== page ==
The results derived below are based on currently accepted data, and relationships. These are the following:
The conclusions, arrived at here, based on these facts, are at variance with accepted beliefs about the origin, the size, and the age of the universe; as well as the abundance of type 1A supernovae. Here is what is known and being conjectured about the type 1A supernovae:
The June l998 issue of PHYSICS TODAY contains an article by Bertram Schwarzschild, "Very Distant Supernovae Suggest that the Cosmic Expansion is Speeding Up". The diagram on page 17 showing a slight convex relation between apparent magnitude and red shift suggests on current lines of thought that a mysterious "ethereal agency" is actually accelerating the expansion of the universe.
The article is concerned with the question of the linearity of the relationship between the apparent magnitude and z, a measure of the red shift. Note that z is a measure of the red shift derived from the shift of the originating wavelength, say w(o), to the red shifted wavelength, w(r), through the formula
Figure 1. Apparent magnitude vs. z (Physics Today, June l998 p.17) Current interpretations are not concerned with the pronounced clustering of the data between the values of z = 0.4 and 0.9 . The linearity is hard to establish on the basis of the observed data, but the clustering points to a very different conclusion.
That the clustering is not due to observational selection or difficulty is made clear by the fact that the region below z = 0.4 is more readily accessible, and certainly not excluded from consideration. Supernovae in this region are "closer to home" and therefore brighter. If anything we should expect more data points here than in the region above z = 0.4. A matching of two photographs made a few weeks apart, by subtraction, can reveal a potentially bright supernovae much more readily than a more faint image corresponding to a high value of z.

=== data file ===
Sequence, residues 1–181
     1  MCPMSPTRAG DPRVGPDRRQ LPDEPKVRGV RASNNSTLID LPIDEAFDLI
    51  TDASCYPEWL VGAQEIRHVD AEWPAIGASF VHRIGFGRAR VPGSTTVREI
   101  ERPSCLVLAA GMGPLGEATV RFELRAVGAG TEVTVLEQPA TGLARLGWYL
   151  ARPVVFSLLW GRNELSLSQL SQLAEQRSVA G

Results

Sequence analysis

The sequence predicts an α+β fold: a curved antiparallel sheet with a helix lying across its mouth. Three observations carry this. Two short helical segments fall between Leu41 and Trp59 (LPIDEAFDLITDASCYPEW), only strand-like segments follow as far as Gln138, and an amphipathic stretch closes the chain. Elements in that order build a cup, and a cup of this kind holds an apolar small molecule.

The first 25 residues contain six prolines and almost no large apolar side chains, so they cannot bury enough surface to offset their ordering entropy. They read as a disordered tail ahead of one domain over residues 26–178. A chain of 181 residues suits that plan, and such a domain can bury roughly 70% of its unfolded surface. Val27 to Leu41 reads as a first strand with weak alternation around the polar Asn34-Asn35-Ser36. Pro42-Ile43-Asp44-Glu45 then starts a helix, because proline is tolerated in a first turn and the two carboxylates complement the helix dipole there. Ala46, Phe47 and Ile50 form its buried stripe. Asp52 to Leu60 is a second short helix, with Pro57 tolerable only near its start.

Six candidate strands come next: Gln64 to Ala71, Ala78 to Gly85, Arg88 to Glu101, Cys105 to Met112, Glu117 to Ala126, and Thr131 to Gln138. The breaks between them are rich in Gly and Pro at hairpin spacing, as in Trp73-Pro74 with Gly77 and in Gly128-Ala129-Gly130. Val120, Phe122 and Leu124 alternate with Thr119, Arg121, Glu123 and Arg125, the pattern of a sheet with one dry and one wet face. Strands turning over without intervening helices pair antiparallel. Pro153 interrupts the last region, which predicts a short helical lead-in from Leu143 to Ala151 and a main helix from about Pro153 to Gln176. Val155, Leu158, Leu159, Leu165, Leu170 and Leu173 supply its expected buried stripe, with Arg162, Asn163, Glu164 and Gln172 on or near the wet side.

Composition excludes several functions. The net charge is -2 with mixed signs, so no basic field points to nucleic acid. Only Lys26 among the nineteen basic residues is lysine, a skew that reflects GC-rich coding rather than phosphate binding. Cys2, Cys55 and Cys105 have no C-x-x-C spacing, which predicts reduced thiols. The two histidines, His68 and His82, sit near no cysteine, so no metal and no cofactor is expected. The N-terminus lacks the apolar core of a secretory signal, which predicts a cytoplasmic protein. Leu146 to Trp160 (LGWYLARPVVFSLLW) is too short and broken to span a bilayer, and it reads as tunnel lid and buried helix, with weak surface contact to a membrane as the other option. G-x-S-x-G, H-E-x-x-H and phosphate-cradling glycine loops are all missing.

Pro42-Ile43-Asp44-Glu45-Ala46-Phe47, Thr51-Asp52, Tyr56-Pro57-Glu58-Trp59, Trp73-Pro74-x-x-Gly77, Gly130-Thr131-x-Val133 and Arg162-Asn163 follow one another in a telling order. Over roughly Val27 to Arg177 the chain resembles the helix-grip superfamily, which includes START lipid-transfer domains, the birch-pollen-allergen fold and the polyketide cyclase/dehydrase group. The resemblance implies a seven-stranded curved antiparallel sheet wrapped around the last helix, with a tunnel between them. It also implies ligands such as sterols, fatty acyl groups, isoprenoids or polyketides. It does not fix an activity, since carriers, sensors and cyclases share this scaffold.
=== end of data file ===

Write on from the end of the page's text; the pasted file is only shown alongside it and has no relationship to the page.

These supernovae probably formed in the course of the first billion years, and most likely, as will be argued, in the first ten million or so years. Their masses ranged upward from about 1.4 solar masses. Consequently their lifetime, in terms of nuclear fuel, range downwards from about 3 billion years, to about 3/4 billion years for a star with twice the mass of the sun. After the burn, there would be a short period of unstable burning before the star explodes.
The value z = 0.4 represents a distance of about 3 billion light years - a time of 3 billion years. The lifetime before burning of the smallest ones, and the travel time of the light, before it reaches us, add up to about 6 billion years. Not the 12 or 13 billion currently believed.
It has been suggested that it requires about 5000 atoms per cubic centimeter to encourage star formation. At an age of about one million years there would be about one million atoms per cubic centimeter, and by the time the expansion of the universe has reached a diameter of ten million light years, there are still about 1000 atoms per cubic centimeter. Within these ranges there is ample opportunity for the growth of stars larger than 1.4 solar masses.
By the time the universe reached a 0.1 billion light year diameter the density would be about 10^-24 gm/cm^3, or about one atom per cubic centimeter - not enough for rapid star formation.
More specifically, at a diameter of say four million light years, there would be about 3.3 x 10^19 cubic light years as the volume of the universe. This allows for better than one hundred to ten thousand cubic light years for each of the potential 10^15 to 10^17 stars.
Each such star, if it is the size of our sun requires less than about ten percent of the matter from one cubic light year of space (assuming about fifteen thousand baryons per cubic centimeter at that point in time). If matter implodes at one percent of the velocity of light, each such star requires less than one hundred years to form! It is unlikely that more than a very small proportion of stars, probably less than ten billion, that is 10^10, would reach a mass greater than ten times that of the sun because of the potential competition for matter, as well as the longer formation times. Those that did reach this size would explode quickly, because of their large mass, at a time when the universe had an age of less than one hundred million years.